Located across from the ocean and a beautiful beach in in North Hampton, New Hampshire sits a newly renovated home that was at least partially built in the 1890s. What was once a functional coastal retreat for a couple from Cincinnati, Ohio, is now a spacious, open retreat that is located across the street from the ocean. Rob Carty, AIA, principal of TMS Architects, designed what the owners hoped would be an “inviting space for extended family”. They wanted the kitchen to be at the “heart” of the house, with open, casual places instead of a large dining room table.
While staying closely within the original footprint of the house, the reworking of the interior was specifically designed to “open” the space to accommodate extended family and grand-children. The owners wanted the space to resemble the inside of the hull of a ship, while creating an expansive feeling within it.
The owner, an artist himself, has uniquely creative taste, and builder Chris Ragusa of CM Ragusa Builders appreciated the detail and the customization that the project demanded. Having worked in carpentry for 25 years, Chris takes pride in the fact that each project is unique, one-of-a-kind construction. “We never build the same thing twice,” said Ragusa.
The curved beams of laminated mahogany are but an example of the intricate craftsmanship, and the labor is sourced locally. They custom cut each molding from raw stock, creating the best materials in the finest expression of the project. The family room has a striated teak ceiling, reminiscent of the hull of a ship.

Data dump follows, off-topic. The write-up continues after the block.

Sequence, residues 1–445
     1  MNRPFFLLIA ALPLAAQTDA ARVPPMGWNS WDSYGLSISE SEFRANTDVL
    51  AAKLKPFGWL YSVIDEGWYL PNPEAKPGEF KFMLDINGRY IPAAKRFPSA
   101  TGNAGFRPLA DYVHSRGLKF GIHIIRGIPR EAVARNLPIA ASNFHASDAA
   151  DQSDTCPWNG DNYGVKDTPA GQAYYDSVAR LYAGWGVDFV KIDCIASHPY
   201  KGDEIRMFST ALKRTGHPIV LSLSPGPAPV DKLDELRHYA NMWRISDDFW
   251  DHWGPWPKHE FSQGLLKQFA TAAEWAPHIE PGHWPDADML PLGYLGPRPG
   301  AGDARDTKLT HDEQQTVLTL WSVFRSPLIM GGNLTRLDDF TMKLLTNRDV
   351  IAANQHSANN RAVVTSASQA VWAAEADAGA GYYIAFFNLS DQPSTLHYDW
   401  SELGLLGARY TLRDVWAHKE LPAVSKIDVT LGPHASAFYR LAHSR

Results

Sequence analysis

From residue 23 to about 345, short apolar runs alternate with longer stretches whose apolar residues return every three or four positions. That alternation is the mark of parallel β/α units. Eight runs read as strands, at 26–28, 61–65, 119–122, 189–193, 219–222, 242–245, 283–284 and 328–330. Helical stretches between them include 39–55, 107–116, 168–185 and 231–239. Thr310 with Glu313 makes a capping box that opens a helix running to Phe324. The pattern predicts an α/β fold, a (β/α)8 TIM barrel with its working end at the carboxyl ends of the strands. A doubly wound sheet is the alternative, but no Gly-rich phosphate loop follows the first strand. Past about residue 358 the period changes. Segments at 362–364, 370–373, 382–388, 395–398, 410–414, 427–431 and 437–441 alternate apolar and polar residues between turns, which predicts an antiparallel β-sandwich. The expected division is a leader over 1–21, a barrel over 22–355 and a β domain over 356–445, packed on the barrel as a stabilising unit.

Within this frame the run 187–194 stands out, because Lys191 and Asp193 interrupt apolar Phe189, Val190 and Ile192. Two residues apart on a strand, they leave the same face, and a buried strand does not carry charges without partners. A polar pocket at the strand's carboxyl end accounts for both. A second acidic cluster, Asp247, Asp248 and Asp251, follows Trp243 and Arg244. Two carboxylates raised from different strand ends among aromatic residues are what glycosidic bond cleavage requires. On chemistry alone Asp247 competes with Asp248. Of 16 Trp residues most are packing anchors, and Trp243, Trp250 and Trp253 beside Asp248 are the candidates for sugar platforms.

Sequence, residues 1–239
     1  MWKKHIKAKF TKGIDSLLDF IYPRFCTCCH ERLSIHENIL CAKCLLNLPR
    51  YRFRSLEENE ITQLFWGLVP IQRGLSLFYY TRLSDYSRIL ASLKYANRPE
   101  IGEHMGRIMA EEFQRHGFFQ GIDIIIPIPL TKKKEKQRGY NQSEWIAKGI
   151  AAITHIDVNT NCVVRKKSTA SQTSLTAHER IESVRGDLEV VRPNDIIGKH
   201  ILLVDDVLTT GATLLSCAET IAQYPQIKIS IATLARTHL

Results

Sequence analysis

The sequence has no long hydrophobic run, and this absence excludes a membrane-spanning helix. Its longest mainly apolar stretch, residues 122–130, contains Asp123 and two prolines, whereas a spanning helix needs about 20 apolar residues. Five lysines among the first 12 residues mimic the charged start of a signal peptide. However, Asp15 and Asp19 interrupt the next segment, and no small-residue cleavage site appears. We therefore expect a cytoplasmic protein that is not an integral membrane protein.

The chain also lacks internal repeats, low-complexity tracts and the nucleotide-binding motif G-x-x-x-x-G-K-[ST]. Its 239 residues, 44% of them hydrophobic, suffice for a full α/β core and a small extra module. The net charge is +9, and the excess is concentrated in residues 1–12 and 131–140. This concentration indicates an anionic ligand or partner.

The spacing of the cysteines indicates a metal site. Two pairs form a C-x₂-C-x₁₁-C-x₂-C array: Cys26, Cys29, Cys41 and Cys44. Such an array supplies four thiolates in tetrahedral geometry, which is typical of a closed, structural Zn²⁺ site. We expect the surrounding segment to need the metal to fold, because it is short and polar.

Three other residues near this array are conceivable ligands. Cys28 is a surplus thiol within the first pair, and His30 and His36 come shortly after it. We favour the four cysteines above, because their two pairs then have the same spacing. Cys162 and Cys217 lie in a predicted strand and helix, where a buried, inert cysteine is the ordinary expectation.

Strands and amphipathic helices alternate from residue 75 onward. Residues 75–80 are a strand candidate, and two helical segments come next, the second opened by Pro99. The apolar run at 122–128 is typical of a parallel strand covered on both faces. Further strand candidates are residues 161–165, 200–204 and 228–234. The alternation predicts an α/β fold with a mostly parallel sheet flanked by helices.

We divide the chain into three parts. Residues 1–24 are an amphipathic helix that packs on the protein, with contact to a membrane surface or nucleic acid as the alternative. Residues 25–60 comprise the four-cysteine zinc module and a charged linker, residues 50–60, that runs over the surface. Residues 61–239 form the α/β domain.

The pantry off of the kitchen was purposefully kept in the original “butler’s pantry” style, which, in its deep mahogany wood paneling and cabinetry, resembles a dark wood ship’s galley—a striking contrast to the sleek white kitchen. The color scheme almost resembles that of a sailboat, with a bronze semicircular counter top atop black painted columns that are strategically placed throughout the house, resembling a ship’s bollard.
There is a small artist’s studio off the master bedroom, overlooking the ocean. The floor is beautifully crafted in marble, with a compass rose inlaid as a nautical motif and reflects the geometry of the mahogany ceiling above.
The lighting, courtesy of Newburyport Lighting, is a careful blend of ambient light and decorative lighting. Lamps are classically nautical—more yacht club than vessel, but still weaving the theme without overdoing. The owners had a vision to commission a local Ohio artist to create a fully insulated stained glass “porthole” window, depicting a sailboat floating near the rocky shore. In the evening, the window casts a welcoming glow near the front entry
The exterior of the house evokes a feeling of a New England cottage, with a fieldstone archway that proudly acts as an invitation to enter the home. Above the turret sits a weathervane, hand cast by local seacoast artisan Walter Liff, owner of Steeling Nature. The sailboat is coated in gold-leaf, which is not only aesthetically pleasing, but is durable as well.
This coastal gem is perfection in its uniqueness. The materials and design speak of authentic craftsmanship with a nautical nod. Detail and attention were not compromised in a very aggressive timeline as the whole project took nine months!
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